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Skin cancer is the most common form of human cancer. It is estimated that over one million new cases occur annually in the United States. The most common warning sign of skin cancer is a new growth or a sore that will not heal. Sun exposure is the leading cause of skin cancer, and people with fair skin and light eyes that burn easily are at a particularly high risk. Fortunately, most cases of skin cancer can be detected in its early stages, and therefore when diagnosed early, it can be 100% treatable.
The term "skin cancer" refers to three different conditions, namely basal cell carcinoma, squamous cell carcinoma (the first and earliest stage is known as actinic keratosis) and melanoma.
Preventing skin cancer
The main cause of skin cancer is an over-exposure to ultraviolet (UV) radiation from the sun or tanning booths, especially if it results in burnt and blistered skin. Excessive UV radiation produces genetic mutations in the skin's cellular DNA that can lead to skin cancer. Preventing skin cancer begins with vigilant sun avoidance and sun protection.
Here are some protective measures that you should take:
- Avoid the sun and seek shade outdoors. Ultraviolet rays are at their most intense between 10 am and 4 pm.
- Wear protective clothing when outdoors in the sun. Light colored, tightly woven and loose fitting clothing like long sleeved tops and pants provide an additional barrier between your skin and the sun. Also try to wear a wide-brimmed hat. A shade cap (which looks like a baseball cap with protective fabric draping down the sides and back) is also good option.
- Apply a broad-spectrum sunscreen that protects against UVA and UVB rays, with an SPF (Sun Protection Factor) of at least 30 every day. Sunscreens should be used on children as early as over the age of six months.
- Reapply sunscreen every two hours, or immediately after swimming or excessive sweating.
- Children under six months of age should be kept out of the sun. If it is impossible to avoid the sun, sunscreen should be applied.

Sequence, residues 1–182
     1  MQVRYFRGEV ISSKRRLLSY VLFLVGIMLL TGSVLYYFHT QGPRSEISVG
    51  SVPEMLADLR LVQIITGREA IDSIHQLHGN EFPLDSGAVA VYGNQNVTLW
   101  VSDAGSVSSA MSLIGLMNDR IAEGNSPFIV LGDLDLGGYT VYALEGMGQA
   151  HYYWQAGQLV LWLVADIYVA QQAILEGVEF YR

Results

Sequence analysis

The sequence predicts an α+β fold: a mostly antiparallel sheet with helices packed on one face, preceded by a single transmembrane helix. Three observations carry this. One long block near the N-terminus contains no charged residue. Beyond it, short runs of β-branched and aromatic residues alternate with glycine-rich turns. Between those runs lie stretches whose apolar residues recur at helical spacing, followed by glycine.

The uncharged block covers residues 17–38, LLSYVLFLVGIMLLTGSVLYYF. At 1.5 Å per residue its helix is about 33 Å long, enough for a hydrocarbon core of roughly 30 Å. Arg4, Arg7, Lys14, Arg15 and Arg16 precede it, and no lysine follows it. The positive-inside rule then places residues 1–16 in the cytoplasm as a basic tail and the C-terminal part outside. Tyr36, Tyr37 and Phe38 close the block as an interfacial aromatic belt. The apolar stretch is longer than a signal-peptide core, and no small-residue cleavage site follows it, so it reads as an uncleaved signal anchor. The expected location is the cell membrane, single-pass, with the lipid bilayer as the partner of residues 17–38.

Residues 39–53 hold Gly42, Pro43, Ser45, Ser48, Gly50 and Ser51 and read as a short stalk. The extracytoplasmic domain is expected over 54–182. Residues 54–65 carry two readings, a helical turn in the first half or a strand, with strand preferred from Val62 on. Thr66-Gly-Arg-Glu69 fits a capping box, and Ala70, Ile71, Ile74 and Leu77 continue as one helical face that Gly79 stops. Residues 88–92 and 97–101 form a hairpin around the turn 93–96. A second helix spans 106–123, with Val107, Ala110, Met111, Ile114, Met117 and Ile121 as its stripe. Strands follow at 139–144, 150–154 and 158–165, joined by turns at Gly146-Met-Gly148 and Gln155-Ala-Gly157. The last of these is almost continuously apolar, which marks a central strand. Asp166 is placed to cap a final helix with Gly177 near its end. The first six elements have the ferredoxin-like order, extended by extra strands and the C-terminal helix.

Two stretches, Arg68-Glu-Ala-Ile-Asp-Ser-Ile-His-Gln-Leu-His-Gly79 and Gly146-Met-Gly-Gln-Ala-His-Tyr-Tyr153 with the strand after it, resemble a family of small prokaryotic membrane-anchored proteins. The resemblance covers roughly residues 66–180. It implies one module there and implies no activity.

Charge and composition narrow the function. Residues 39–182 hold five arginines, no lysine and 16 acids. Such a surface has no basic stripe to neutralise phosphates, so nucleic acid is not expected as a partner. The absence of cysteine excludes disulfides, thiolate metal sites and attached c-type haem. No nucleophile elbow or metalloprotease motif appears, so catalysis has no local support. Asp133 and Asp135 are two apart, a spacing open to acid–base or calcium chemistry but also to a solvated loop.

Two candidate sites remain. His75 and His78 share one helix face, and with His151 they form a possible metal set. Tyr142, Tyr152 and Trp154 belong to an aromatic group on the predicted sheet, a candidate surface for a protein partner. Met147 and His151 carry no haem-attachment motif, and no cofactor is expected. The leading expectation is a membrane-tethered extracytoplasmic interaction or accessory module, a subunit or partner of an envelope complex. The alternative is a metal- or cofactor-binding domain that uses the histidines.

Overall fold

- Remember that wearing sunscreen is never an excuse for increasing sun exposure and should be part of a program for sun avoidance.
Detecting skin cancer early
The early detection and removal of a skin cancerous growth offers the best chances of a cure.
Periodic self-examination is recommended, to aid your own recognition of any new or changing lesions that may have to be looked at by a dermatologist. Try to familiarize yourself with your own skin pattern of moles and freckles and examine yourself in a mirror every one to two months. Look for changes in the number, size, shape and color of your pigmented spots and consult your dermatologist promptly if you notice any changes.
ABCDES of melanoma
Individuals at high risk should be examined by a dermatologist on a regular basis.More about Moles
Squamous cell carcinoma
Squamous cell carcinoma is the second most common type of skin cancer. It typically manifests itself as a slow growing, scaly or crusted lump that may feel tender to the touch, and develop sores or ulcers that fail to heal. Sometimes, squamous cell carcinoma may simulate the appearance of a wart. These are commonly found on sun-exposed areas of the face, lips, ears, forearms, hands, and lower legs. Early recognition and treatment is especially important as this form of cancer has the potential to metastasize (spread to other parts of the body).
Apart from exposure of ultraviolet light, other risk factors include an inherited predisposition, smoking, thermal burn scars, long-standing leg ulcers, immunosuppressive drugs such as ciclosporin, azathioprine, especially in organ transplant recipients.
The treatment of squamous cell carcinoma depends on its size and location. In most situations, a full thickness surgical excision is performed to cut out the lesion completely. Large tumors may require the expertise of a plastic surgeon to repair the surgical defect. Radiotherapy (treatment using X-rays) is sometimes used for high risk skin cancer that appears on the face and for metastatic disease.
Basal cell carcinoma
Basal cell carcinoma (BCC) is the most common type of skin cancer and typically affects adults with a fair complexion who have had a lot of sun exposure. It slowly grows over months or years and can vary in appearance, resembling a fleshy bump, ulcerated nodule, red patch or even melanoma. This type of skin cancer rarely metastasizes (spreads to other parts of the body), however it can cause considerable damage by extending below the skin to the underlying bone and nerves.
Depending on the type of BCC, it may be treated by surgical methods, cryotherapy, topical creams (Imiquimod) or radiotherapy. People with BCC are also at an increased risk of developing further BCCs and other forms of skin cancer, therefore regular and complete skin examinations are advised. Protecting your skin from further damage by ultraviolet radiation is paramount.
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